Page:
Crosby originally studied art and began her career as a packaging designer. When asked to write a few lines of copy for the back of a pantyhose package, she discovered a love for words that was irrepressible. After years of writing for business, she turned to works of fiction and never looked back. “Storytelling is in my blood,” Crosby laughingly admits, “My mom was not a writer, but she was a captivating storyteller, so I find myself using bits and pieces of her voice in most everything I write.”
2012 Reviewer’s Choice Literary Award!
Eleven year-old Ethan Allen Doyle has witnessed a brutal murder and now the boy is running for his life. Olivia Westerly is the only person he can trust, and he’s not too sure he can trust her. She’s got no love of children and a truckload of superstitions. In the time-tested tradition of Southern Fiction, the darkest side of human nature is revealed before readers are rewarded with a beautiful tale of love, loss and unexpected gifts.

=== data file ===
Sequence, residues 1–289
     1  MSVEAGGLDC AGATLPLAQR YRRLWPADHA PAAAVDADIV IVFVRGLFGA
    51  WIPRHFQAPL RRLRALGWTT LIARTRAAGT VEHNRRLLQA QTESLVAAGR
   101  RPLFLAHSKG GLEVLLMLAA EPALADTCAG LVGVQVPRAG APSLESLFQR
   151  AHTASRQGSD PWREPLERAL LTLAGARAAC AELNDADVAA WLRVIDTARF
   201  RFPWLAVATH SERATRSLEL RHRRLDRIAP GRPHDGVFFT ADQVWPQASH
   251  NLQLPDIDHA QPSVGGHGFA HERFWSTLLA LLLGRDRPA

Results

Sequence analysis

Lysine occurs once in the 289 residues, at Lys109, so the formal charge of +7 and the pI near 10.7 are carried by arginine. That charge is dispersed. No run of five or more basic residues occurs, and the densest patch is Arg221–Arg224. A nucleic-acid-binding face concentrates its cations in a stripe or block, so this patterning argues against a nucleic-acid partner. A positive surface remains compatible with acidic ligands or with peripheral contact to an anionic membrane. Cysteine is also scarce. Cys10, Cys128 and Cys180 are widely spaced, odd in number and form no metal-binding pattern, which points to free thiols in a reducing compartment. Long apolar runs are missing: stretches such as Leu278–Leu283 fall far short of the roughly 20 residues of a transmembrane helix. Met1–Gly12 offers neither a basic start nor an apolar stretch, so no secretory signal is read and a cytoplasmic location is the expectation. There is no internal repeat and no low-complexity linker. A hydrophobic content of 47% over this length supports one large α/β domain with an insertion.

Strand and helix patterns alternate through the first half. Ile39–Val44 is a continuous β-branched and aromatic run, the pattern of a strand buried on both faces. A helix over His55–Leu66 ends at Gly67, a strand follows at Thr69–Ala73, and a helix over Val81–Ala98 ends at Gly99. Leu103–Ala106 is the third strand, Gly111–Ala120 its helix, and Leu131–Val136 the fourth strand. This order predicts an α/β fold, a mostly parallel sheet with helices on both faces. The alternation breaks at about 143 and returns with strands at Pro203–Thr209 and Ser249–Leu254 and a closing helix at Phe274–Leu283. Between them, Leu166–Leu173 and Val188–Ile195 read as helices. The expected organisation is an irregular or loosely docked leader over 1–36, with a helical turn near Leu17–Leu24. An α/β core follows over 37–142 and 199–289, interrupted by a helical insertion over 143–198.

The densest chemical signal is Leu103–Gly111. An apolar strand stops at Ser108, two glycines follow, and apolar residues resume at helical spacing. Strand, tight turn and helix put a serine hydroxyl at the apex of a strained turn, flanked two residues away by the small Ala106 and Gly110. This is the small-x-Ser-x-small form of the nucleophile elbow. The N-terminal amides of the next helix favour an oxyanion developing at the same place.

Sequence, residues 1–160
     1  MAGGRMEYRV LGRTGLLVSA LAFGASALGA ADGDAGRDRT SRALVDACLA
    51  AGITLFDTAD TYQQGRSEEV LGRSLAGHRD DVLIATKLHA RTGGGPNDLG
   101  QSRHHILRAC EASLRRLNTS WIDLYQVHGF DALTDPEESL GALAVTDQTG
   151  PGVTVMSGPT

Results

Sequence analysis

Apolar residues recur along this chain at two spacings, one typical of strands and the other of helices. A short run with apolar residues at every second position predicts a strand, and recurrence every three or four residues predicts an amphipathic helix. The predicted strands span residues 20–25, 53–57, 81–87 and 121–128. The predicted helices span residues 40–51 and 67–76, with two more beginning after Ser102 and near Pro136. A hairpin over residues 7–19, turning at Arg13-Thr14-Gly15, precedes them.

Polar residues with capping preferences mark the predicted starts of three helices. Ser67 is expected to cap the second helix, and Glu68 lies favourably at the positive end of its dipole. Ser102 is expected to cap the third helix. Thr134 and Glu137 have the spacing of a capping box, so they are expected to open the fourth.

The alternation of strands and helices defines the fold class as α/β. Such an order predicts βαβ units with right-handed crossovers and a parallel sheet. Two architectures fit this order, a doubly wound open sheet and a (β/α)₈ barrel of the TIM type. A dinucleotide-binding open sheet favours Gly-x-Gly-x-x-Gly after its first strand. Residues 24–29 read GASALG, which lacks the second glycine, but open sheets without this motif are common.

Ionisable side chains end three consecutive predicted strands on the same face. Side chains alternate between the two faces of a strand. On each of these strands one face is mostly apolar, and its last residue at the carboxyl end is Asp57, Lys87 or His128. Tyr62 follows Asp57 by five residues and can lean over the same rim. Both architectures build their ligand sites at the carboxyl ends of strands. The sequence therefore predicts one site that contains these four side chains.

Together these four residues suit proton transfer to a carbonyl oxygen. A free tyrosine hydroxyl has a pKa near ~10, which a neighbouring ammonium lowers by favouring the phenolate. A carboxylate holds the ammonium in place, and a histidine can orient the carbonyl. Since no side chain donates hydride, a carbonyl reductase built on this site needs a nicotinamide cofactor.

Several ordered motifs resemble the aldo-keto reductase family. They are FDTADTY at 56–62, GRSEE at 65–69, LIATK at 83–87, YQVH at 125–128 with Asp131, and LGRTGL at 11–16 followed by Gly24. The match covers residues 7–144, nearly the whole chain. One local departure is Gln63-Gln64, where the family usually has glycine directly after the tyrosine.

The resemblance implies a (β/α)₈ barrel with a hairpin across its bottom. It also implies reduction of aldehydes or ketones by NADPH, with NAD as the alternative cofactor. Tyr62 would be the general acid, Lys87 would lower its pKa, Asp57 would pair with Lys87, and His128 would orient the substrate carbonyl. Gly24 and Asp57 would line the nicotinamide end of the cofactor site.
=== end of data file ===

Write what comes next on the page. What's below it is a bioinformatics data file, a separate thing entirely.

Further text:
Olivia Ann Westerly
I don’t suppose there’s a person walking the earth who doesn’t now and again think, “If I had the chance to live my life over, I’d sure as hell do it differently.” When you get to a certain age and realize how much time you’ve wasted on pure foolishness, you’re bound to smack yourself in the head and ask, What in the world was I thinking? Everybody’s got regrets—myself included.
Some people go to their grave without ever getting a chance to climb out of that ditch they’ve dug for themselves; others get lucky. Of course, the thing about luck is that you’ve got to recognize it when it walks up and says hello, the way Charlie Doyle did. But that’s a long story, and to understand it you’ve got to start at the beginning.
…In the years that followed, Olivia had her fair share of suitors. But whenever the issue of marriage came up she’d disappear, leaving them flat as a run-over nickel. That is, until the spring of 1956 when she met Charlie Doyle, a man with silver hair and a powder blue Chevrolet convertible.